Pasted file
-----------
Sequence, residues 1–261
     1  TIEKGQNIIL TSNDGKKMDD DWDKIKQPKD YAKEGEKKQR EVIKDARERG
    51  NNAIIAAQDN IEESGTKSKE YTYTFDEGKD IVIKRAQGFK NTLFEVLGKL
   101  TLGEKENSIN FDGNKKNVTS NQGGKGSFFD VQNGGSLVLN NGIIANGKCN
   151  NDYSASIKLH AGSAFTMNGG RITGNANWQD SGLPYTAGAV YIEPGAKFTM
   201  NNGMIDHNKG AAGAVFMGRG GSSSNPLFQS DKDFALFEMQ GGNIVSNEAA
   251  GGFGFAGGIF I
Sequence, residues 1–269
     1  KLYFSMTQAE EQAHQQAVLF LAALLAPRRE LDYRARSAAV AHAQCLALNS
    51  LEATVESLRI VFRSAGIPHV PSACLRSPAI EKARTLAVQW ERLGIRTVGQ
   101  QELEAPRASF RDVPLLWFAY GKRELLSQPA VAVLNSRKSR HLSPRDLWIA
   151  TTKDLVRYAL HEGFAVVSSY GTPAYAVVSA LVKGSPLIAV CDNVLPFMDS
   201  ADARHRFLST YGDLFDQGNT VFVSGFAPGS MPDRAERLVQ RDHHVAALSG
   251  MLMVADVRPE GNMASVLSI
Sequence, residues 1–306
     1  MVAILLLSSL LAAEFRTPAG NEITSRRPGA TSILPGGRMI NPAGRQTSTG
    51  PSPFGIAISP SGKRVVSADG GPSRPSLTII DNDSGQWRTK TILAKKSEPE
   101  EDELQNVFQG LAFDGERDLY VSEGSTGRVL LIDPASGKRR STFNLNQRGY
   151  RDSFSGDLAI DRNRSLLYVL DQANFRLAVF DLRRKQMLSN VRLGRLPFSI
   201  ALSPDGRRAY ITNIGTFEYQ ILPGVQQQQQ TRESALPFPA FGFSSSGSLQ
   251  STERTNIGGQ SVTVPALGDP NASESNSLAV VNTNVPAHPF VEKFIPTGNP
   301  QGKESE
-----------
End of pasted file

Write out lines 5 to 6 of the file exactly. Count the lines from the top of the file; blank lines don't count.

   151  NDYSASIKLH AGSAFTMNGG RITGNANWQD SGLPYTAGAV YIEPGAKFTM
   201  NNGMIDHNKG AAGAVFMGRG GSSSNPLFQS DKDFALFEMQ GGNIVSNEAA